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Professionals urged to upskill as AI reshapes finance sector: CPA

CHIEF financial officers (CFOs) and their finance teams need to understand how to anticipate and respond to artificial intelligence (AI), as it will be a key frontier technology to grow Singapore's economy in the years ahead, CPA Australia said on Thursday.

The accounting professional body also urged professionals in the sector to upskill, particularly in terms of data mining, extraction and faster interpretation of big data.

To help them navigate this digital journey, CPA Australia has published a resource titled Charting the Future of Accountancy with AI, in collaboration with Singapore Management University's School of Accountancy.

The practical guide looks at how AI will reshape the accounting and finance sector in the coming years, and what the profession can do to continue to operate alongside the evolving technology and their changing roles.

It draws on insights from professional services firms Accenture, Deloitte, EY, KPMG and PwC, as well as the Singapore Management University.

"While companies and employees alike are trying to grapple with the changes that AI brings, these developments should not be feared," said Chng Lay Chew, Singapore divisional president at CPA Australia, who is also CFO of the Singapore Exchange.

Separately, CPA Australia on Thursday also released the findings of a study on human capital development it sponsored in partnership with analytics solutions provider L+D. The research report is titled Navigating with clarity - shaping dynamic teams.

The survey quantified the current skills and competencies in finance and accounting teams in Singapore, to gain insights into companies' preparedness to future-proof their talent structure.

Its findings showed a stark difference in benchmark skills and competencies, for companies in the corporate sector versus small- and medium-sized practitioners in the public accounting space.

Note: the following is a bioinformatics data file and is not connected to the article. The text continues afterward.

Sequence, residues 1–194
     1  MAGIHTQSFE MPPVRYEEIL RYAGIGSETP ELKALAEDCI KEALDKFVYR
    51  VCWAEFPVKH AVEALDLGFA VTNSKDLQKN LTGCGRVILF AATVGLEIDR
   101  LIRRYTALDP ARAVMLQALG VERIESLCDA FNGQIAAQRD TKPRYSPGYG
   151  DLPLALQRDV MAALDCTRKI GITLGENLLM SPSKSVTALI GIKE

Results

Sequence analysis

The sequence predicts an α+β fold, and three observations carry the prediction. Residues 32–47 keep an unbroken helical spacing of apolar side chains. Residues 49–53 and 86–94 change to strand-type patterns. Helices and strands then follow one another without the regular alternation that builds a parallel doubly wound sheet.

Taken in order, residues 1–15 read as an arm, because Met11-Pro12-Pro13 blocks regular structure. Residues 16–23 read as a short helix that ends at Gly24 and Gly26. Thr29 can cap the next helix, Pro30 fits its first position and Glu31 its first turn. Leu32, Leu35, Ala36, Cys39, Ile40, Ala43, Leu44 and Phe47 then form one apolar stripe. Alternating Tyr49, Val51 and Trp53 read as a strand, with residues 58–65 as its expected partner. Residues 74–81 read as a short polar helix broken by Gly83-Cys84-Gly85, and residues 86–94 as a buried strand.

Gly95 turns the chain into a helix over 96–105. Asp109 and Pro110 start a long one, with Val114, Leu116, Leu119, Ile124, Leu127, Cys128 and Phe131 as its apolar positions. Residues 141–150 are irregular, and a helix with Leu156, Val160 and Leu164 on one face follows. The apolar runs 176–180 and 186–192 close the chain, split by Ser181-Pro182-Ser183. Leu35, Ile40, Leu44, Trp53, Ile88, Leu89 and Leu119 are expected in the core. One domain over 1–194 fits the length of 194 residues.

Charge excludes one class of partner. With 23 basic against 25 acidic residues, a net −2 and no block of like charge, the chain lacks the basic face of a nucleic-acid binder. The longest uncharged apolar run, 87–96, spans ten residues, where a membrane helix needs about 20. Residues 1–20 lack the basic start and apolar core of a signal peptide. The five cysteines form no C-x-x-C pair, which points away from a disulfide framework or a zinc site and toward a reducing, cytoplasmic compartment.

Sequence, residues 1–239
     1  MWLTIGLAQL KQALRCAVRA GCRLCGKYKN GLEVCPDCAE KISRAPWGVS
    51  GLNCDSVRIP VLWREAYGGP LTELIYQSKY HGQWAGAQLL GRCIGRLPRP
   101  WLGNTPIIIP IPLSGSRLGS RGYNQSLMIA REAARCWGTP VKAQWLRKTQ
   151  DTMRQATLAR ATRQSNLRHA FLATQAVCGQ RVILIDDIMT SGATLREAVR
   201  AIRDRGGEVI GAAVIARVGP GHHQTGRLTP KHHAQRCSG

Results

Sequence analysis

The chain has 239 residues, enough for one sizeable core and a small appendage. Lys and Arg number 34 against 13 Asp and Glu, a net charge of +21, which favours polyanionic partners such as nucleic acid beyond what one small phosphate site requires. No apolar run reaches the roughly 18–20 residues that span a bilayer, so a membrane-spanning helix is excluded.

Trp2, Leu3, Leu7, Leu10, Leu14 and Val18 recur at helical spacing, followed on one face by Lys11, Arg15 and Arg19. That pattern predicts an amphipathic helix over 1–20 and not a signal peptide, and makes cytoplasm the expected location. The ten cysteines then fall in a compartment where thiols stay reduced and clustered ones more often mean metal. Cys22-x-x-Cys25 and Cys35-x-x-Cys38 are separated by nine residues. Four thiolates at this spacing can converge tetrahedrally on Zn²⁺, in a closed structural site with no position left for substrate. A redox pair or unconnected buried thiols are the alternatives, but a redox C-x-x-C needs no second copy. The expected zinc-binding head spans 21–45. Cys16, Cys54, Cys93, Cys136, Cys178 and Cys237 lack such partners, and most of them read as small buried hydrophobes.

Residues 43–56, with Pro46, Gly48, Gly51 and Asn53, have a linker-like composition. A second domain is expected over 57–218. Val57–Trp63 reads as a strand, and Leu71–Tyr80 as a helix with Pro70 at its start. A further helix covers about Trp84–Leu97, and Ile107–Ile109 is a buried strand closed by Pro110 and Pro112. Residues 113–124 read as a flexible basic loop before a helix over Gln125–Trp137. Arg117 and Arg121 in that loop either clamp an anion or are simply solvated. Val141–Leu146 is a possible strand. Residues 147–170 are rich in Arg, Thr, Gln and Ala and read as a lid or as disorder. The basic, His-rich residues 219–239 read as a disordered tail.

In the corporate environment, skillsets in high demand were relevant mainly to the finance functions, such as corporate reporting, technology, business transformation, corporate finance and tax.

However, for those in public accounting, their critical knowledge areas involved audit, tax and ethics. This suggests that public accounting staff are too narrowly focused on their roles, and could instead acquire other corporate-sector competencies to widen industry knowledge of their clients.

There were also substantial opportunities to upskill members of the teams across all categories, the study found. This is because the most skilled practitioners in each discipline were significantly more skilled than the least skilled employees.

"Data mining, extraction and faster interpretation of big data will be critical skills to hone," the report stated.

"Statistical modelling and data analysis, financial analysis and planning, budgeting, forecasting and operational analysis will be key areas of focus for the ambitious finance professional to offer real value to any organisation."

Based on L+D's conceptual analytics framework, the study surveyed 100 respondents in five companies across the healthcare, insurance, manufacturing and public accounting sectors. The accounting and finance headcount in each firm ranged from 20 to 300.

All the companies studied did not have a structured framework for evaluating their team competencies.